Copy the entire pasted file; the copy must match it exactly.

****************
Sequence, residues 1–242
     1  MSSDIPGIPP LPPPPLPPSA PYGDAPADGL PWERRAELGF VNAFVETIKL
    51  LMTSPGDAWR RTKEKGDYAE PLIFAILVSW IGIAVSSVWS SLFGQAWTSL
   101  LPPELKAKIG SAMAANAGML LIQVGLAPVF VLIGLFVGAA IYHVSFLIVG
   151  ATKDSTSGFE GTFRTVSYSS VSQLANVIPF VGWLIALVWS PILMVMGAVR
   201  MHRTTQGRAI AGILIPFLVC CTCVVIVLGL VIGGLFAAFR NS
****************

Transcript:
Sequence, residues 1–242
     1  MSSDIPGIPP LPPPPLPPSA PYGDAPADGL PWERRAELGF VNAFVETIKL
    51  LMTSPGDAWR RTKEKGDYAE PLIFAILVSW IGIAVSSVWS SLFGQAWTSL
   101  LPPELKAKIG SAMAANAGML LIQVGLAPVF VLIGLFVGAA IYHVSFLIVG
   151  ATKDSTSGFE GTFRTVSYSS VSQLANVIPF VGWLIALVWS PILMVMGAVR
   201  MHRTTQGRAI AGILIPFLVC CTCVVIVLGL VIGGLFAAFR NS